IMF cuts global growth outlook, calls for accommodative policy
BEIJING Jan 20 (Reuters) - The International Monetary Fund lowered its forecast for global economic growth in 2015, and called on Tuesday for governments and central banks to pursue accommodative monetary policies and structural reforms to support growth.
Global growth is projected at 3.5 percent for 2015 and 3.7 percent for 2016, the IMF said in its latest World Economic Outlook report, lowering its forecast by 0.3 percentage points for both years.
"New factors supporting growth - lower oil prices, but also depreciation of euro and yen - are more than offset by persistent negative forces, including the lingering legacies of the crisis and lower potential growth in many countries," Olivier Blanchard, the IMF's chief economist, said in a statement released by the Washington-based lender.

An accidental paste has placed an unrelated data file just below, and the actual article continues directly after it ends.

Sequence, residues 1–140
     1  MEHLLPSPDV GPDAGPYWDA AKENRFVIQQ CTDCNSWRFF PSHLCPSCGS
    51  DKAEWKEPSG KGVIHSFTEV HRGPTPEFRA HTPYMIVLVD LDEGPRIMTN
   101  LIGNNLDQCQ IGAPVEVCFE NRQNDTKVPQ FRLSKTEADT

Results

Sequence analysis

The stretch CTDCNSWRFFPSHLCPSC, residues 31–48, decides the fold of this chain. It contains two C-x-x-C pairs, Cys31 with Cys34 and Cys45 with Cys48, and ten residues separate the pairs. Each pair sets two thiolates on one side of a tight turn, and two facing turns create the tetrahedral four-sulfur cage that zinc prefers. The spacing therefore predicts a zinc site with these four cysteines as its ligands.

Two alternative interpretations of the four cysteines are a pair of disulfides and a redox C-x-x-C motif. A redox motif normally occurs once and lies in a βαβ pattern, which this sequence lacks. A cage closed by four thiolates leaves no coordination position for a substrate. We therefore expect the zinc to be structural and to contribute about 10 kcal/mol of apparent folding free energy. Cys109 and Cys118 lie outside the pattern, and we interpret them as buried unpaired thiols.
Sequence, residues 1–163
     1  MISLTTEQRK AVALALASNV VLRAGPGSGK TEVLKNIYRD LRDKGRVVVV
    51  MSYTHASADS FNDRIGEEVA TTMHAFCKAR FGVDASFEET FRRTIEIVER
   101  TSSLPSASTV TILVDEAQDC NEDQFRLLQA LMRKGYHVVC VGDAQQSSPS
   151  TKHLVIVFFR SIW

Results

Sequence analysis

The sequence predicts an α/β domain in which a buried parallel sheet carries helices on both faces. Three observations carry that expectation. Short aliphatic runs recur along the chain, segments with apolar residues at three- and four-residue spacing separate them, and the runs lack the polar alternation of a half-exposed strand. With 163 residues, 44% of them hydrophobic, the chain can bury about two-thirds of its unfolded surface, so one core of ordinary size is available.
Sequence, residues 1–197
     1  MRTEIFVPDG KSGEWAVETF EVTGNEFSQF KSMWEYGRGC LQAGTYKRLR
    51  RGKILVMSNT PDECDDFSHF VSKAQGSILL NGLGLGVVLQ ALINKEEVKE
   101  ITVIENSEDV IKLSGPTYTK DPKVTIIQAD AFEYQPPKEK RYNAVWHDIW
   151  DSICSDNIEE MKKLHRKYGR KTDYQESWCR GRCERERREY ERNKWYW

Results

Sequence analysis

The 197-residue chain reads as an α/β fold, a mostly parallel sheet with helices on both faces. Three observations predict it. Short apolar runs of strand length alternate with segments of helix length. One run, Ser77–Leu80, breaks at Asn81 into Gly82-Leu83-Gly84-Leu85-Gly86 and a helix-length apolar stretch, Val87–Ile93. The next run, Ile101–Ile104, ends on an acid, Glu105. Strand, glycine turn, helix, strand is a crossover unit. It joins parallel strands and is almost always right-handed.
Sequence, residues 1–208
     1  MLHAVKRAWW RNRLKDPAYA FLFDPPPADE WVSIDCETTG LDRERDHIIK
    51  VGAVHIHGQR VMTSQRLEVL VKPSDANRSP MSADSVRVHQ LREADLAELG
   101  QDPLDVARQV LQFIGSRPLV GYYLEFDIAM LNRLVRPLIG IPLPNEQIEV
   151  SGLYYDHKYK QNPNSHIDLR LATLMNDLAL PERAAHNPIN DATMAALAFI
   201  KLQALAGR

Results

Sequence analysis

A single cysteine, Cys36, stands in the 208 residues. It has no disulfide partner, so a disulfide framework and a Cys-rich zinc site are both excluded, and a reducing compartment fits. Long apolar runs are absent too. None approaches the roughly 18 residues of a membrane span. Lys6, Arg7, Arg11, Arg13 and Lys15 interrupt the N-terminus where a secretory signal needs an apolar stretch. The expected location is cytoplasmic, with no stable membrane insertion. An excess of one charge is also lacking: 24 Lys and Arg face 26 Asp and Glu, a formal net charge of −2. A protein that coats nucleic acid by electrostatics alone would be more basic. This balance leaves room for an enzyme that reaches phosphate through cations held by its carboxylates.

The IMF advised advanced economies to maintain accommodative monetary policies to avoid increases in real interest rates as cheaper oil increases the risk of deflation.
If policy rates could not be reduced further, the IMF recommended pursuing an accommodative policy "through other means".
The United States was the lone bright spot in an otherwise gloomy report for major economies, with projected growth raised to 3.6 percent from 3.1 percent for 2015.
The United States largely offset prospects of more weakness in the euro area, where only Spain's growth was adjusted upward.
Projections for emerging economies were also broadly cut back, with the outlook for oil exporters Russia, Nigeria and Saudi Arabia worsening the most.
The IMF predicts that a slowdown in China will draw a more limited policy response as authorities in Beijing will be more concerned with the risks of rapid credit and investment growth. Continuación...